Divock Origi has been a Liverpool player for more than two years now. He was signed back in July 2014 for a fee said to be in the region of £10 million. No sooner had he put pen to paper on a deal with a five-year duration at Anfield, than the attacker was loaned back to Lille.
It was an indication that the Reds hierarchy valued the potential in the young Belgium international, now 21. He knew he faced a long, hard road ahead of him to start to make an impact on Merseyside and he knuckled down and worked hard at his game.
Origi knew his time would come and that if he remained patient and acted diligently, accepted tutoring and replicated his passion on the pitch and turned it into goals, he would come good under Jurgen Klopp.
Fast forward to last weekend and Origi had another chance to prove his worth. He snatched opportunity with both hands and made a big impression after coming on for the injured Philippe Coutinho around the half hour mark of the Preneir League encounter with Sunderland at Anfield.
Indeed, Origi managed to score in the 2-0 win to help Liverpool maintain their bid for the top flight title and with the race for the premiership title continuing to be the closest in years punters have a range of ways of enhancing their chances on the william hill acca.
Again, given the chance to impress a few days later when Klopp’s men took on Garry Monk’s Championship outfit Leeds United in the EFL Cup, Origi didn’t disappoint and scored again as the Reds chalked up a 2-0 win. It means they went into a mouth-watering semi-final against Southampton.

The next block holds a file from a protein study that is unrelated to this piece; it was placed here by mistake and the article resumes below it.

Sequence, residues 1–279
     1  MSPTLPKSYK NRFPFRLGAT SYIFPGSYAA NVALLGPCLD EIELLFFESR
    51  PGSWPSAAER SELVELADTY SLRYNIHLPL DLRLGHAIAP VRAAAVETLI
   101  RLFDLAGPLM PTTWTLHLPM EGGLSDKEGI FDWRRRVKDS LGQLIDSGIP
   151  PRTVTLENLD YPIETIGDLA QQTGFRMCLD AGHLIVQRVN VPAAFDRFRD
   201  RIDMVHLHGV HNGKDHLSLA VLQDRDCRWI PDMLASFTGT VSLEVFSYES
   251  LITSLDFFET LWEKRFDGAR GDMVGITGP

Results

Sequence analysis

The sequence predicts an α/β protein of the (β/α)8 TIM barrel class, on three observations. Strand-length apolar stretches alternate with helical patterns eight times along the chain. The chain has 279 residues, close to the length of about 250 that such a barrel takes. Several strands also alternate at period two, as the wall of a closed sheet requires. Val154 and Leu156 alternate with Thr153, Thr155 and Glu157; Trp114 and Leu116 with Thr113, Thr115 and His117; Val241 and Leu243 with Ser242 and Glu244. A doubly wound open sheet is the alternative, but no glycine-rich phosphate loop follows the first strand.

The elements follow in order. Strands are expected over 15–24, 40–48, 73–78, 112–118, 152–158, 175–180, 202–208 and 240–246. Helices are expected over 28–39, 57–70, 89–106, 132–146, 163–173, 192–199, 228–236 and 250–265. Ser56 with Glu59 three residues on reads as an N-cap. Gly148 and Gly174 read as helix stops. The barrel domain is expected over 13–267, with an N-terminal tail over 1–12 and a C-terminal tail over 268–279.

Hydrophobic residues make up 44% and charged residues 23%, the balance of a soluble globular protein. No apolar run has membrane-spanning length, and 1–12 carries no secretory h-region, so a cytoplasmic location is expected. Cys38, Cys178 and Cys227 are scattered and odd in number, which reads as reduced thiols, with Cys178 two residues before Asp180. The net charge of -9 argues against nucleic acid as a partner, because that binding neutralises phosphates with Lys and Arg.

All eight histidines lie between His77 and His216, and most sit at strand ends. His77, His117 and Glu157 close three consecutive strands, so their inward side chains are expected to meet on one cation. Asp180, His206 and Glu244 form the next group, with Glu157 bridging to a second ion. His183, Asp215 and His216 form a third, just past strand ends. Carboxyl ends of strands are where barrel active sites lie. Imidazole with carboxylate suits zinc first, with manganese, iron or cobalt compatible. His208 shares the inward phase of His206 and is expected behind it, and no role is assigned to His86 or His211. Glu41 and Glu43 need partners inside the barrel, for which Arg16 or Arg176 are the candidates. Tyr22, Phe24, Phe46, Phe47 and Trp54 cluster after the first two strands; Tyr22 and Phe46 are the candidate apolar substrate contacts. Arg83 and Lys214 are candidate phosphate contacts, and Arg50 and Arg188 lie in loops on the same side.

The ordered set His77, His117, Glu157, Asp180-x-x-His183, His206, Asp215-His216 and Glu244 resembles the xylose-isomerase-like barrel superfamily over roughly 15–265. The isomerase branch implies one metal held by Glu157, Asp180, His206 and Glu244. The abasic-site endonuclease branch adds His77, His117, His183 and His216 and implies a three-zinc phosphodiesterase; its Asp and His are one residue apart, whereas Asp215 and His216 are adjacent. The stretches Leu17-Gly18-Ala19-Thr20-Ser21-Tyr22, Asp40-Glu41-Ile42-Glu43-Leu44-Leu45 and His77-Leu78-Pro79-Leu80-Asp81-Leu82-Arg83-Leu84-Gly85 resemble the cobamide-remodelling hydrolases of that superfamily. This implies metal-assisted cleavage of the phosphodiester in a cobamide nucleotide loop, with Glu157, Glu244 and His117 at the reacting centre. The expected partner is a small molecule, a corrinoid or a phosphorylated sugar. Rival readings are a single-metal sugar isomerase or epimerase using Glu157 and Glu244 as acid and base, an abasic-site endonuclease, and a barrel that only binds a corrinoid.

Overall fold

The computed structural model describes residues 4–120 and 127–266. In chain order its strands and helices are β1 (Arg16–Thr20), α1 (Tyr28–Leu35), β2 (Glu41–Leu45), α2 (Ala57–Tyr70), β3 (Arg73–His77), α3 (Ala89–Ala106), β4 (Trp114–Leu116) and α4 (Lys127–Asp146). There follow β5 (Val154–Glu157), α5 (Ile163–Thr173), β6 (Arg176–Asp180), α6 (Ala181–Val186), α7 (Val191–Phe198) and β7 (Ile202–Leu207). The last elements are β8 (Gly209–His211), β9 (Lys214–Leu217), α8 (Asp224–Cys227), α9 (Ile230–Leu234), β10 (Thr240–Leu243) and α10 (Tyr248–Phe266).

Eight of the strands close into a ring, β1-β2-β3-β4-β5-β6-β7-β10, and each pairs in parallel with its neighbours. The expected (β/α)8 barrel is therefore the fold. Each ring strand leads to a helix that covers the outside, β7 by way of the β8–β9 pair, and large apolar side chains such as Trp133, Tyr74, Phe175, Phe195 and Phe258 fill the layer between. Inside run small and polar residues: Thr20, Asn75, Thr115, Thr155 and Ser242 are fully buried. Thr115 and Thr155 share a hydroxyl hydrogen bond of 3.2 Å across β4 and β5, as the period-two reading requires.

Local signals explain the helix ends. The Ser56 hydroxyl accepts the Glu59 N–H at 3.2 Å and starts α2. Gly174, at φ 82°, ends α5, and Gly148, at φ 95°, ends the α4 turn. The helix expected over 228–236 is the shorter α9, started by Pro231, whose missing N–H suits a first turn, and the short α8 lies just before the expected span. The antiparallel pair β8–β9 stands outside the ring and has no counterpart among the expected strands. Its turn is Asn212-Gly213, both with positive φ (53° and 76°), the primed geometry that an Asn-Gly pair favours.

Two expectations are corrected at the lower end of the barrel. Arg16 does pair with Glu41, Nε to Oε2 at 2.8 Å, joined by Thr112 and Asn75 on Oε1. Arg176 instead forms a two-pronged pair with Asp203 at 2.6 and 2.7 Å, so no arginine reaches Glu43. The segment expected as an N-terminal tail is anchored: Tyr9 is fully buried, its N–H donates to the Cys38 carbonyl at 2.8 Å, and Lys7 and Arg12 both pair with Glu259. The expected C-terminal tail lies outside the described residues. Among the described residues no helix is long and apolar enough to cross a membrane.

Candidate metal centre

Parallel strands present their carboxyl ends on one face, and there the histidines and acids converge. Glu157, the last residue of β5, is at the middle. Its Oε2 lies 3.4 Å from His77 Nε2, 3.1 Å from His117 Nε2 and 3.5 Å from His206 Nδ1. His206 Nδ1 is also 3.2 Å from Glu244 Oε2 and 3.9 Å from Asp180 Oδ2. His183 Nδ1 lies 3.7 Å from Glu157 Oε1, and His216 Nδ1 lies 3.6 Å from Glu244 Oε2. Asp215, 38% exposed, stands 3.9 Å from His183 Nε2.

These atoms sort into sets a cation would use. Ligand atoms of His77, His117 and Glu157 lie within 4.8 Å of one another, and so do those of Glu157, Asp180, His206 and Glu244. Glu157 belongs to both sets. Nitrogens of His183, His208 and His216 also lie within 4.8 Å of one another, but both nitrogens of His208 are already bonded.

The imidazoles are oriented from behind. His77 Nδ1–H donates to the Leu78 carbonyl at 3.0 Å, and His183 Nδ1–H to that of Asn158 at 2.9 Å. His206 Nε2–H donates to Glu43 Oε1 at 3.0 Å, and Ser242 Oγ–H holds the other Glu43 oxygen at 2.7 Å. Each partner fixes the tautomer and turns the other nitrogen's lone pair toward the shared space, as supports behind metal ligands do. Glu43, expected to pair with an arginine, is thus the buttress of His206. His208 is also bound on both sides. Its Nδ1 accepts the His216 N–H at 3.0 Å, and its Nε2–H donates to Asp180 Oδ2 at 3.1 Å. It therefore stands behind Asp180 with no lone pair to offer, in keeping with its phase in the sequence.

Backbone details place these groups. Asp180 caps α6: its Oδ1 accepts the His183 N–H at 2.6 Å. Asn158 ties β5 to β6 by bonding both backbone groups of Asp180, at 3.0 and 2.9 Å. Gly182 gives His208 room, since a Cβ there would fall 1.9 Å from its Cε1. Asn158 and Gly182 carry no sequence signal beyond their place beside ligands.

Klopp believes that Origi taking responsibility in the name of the cause wasn’t a surprise to him given how focused and prepared the youngster shows himself to be during training sessions at the club’s Melwood trading ground.
“I said it after the Sunderland game — timing is really important. You don’t always have influence on timing, but in this case it worked out really well because it was exactly one or two weeks since Div was back in shape, in the race, and has the good shape.”
“That was lucky, I’d say, so he was ready for coming in. Everybody could see the difference between one or two substitutions when he came in a little bit earlier, it was not too easy for him.”
“He is still 21 and he hasn’t had the most match time in the last few months, so then he had no rhythm but he is always working, never moaning —and sometimes a little more confident, a little less confident, how it is with all people in all parts of life.”
“I was really happy for him having this opportunity and being in the shape to use it. And it was really nice to see.”